Setting Sail for Brighter Horizons

With more than 90 per cent of the world's trade carried by sea, it is no wonder the fortunes of the global shipping sector are inextricably linked to that of the wider economy.

Moderate Economic Growth Globally

However, looking forward to the future, the outlook for the global economy is less than certain with the International Monetary Foundation (IMF) lowering its 2015 economic growth forecast from 4.0 per cent in July 2014 to 3.8 per cent in October 2014.

In its economic survey released in November 2014, Singapore’s Ministry of Trade and Industry (MTI) echoed these sentiments, stating that global growth will pick up moderately, though the pace of recovery is likely to remain uneven across different economies. In December 2014, International Enterprise (IE) Singapore forecast non-oil domestic exports (NODX) to contract between 1.0 and 1.5 per cent in 2014, and gain between 1.0 and 3.0 per cent in 2015 on the back on a modest pickup in global growth.

Asia Pacific Still a Bright Spot

Meanwhile, the economic outlook for Asia-Pacific is more positive, with the region expected to be a key economic growth engine for years to come. The rapid growth of Asia’s middle class is fuelling global demand for goods, energy, and raw materials, while many of the governments in these countries have placed economic growth at the top of their agenda.

Besides emerging economic powerhouses China and India, Southeast Asia is also expected to see strong economic and trade growth in 2015. With the ASEAN Economic Community (AEC) set to take shape in 2015, creating a single market with free movement of goods, services and investments, experts are predicting intra-regional trade flows to surge ahead. All this is expected to create greater demand for the Singapore shipping industry, which in recent years has been grappling with depressed freight rates due to overcapacity, and tight margins caused by high fuel and manpower costs.

A Premier Shipping Hub

From its humble beginnings, Singapore has risen to become one of the world’s premier hub ports and a leading international maritime centre. Its maritime industry is an important component of the domestic economy, contributing around 7 per cent of Singapore’s GDP and providing over 170,000 jobs. The Republic is also home to about 130 international shipping groups, and 5,000 maritime companies.

The Port of Singapore is one of the busiest in the world and has received many accolades over the years. In June 2014, it received the “Best Seaport in Asia” award for the 26th time at the 28th Asian Freight and Supply Chain Awards (AFSCA), edging past strong contenders from China. The contenders were judged on a host of factors, including cost competitiveness, container shipping-friendly fee regime, provision of suitable container shipping-related infrastructure, timely and adequate investment in new infrastructure to meet future demand, and the facilitation of ancillary services.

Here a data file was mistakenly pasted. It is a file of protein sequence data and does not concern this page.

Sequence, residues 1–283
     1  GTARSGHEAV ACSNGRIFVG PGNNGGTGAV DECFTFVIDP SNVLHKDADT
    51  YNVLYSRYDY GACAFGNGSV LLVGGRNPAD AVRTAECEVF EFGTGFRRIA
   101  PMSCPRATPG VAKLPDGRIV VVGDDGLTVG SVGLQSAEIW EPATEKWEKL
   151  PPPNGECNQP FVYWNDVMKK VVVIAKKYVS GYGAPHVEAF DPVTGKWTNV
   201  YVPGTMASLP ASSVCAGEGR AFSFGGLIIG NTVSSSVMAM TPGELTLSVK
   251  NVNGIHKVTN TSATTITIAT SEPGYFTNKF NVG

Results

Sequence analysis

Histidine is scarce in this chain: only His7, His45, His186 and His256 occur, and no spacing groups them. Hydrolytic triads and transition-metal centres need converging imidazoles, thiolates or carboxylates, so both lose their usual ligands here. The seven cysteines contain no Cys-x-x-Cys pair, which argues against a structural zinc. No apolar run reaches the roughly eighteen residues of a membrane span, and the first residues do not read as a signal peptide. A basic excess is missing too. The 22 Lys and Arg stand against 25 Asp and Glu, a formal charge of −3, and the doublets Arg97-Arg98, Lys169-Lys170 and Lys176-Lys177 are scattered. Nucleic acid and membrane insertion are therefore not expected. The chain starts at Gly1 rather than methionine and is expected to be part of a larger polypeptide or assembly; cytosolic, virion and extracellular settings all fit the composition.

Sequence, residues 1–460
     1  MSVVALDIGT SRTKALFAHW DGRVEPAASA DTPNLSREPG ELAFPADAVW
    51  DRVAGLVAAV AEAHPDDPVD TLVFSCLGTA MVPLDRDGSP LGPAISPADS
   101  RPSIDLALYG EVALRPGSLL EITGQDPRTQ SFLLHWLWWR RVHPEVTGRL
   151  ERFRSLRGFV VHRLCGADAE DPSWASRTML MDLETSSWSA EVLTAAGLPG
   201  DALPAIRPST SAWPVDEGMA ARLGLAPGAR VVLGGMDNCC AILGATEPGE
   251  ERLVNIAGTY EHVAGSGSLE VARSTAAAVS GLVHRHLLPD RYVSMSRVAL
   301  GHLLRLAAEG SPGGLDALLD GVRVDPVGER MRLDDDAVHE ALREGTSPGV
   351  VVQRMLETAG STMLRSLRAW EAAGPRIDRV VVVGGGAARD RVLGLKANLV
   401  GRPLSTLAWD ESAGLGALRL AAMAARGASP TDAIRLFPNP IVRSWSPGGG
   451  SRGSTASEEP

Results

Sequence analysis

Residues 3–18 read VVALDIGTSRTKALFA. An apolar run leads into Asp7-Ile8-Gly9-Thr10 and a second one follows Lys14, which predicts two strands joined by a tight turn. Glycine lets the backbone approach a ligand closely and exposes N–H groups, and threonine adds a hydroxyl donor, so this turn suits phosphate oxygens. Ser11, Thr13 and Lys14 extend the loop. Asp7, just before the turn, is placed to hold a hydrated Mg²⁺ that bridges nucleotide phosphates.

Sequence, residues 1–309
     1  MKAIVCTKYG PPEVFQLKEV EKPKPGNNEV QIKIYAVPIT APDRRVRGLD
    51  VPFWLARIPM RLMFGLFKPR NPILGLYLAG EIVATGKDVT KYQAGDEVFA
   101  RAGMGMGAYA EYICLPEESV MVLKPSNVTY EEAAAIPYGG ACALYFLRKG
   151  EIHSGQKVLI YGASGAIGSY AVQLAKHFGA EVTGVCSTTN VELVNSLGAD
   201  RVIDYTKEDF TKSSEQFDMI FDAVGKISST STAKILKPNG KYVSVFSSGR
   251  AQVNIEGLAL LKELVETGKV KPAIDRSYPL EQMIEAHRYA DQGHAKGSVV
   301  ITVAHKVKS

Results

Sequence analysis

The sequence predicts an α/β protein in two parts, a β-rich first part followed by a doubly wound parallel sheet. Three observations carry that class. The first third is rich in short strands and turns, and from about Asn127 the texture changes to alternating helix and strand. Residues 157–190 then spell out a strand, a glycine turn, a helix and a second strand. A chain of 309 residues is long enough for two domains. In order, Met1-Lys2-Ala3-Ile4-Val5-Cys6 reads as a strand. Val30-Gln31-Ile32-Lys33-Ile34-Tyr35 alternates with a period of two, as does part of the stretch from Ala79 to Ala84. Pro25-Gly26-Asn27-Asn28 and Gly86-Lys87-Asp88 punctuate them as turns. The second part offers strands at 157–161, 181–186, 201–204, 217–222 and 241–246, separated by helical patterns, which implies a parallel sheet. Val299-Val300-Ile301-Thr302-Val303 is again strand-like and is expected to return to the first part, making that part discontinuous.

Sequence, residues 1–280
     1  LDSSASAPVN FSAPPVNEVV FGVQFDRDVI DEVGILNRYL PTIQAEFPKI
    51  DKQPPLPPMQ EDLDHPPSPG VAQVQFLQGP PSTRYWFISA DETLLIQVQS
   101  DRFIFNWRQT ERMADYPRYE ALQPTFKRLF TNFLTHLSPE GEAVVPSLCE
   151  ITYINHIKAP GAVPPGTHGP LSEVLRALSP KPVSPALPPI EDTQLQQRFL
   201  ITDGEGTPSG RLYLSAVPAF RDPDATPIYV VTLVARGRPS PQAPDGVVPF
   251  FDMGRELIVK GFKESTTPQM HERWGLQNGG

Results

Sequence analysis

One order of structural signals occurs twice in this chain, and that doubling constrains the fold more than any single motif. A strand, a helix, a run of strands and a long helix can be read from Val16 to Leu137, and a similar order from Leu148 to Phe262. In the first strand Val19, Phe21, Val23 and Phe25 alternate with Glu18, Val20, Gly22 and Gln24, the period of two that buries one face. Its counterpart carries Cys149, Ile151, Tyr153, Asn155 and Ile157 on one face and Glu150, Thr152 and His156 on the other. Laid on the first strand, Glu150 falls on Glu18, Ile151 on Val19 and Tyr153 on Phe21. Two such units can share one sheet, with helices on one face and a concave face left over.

Staying Ahead of the Pack

With the maritime sector being such an important component of the Singapore economy, the government is continually looking for different ways to enhance the competitiveness of the Port of Singapore. This constant drive for improvement is one of the key reasons Singapore has been able to maintain its position as a premier international maritime centre.

One way Singapore has maintained its competitiveness is investing in maritime research and development (R&D), to meet future challenges and tap on future growth opportunities. In 2003, the Maritime and Port Authority of Singapore (MPA) established the S$100 million Maritime Innovation and Technology (MINT) Fund for a period of 10 years. Since then, the MPA has extended the MINT Fund for another 5 years with a top-up of S$50 million.

Two other aspects in which Singapore is enhancing its competitiveness are increasing productivity and manpower development. They are critical given the limited manpower and land resources, as well as the universal challenges of cost pressures. To support the industry’s productivity efforts, MPA launched a S$25 million Productivity Programme under its Maritime Cluster Fund (MCF) in 2013. There are also many academic and internship programmes, as well as scholarships and recruitment schemes for the sector.

Building for the Future

With shipping set to be the lifeblood of Singapore’s economy far into the future, it is of vital importance that Singapore’s port infrastructure development keeps pace. In 2004, Singapore made the decision to develop the Pasir Panjang Terminal to meet future growth in container volume, with total completion of all phases expected in 2020. The new port development will feature best-in-class infrastructure and the latest technology, to serve the next generation of container ships, increase productivity and promote environmental sustainability.

With the port leases for the City Terminals at Tanjong Pagar, Keppel and Pulau Brani set to expire in 2027, Singapore has already announced that it will work towards consolidating all its container port activities in Tuas – located at the western part of the island – over the long term. With its sheltered deep waters and proximity to major industrial areas and international shipping routes, Tuas is an ideal location with the planned port set to handle up to 65 million TEUs per annum.

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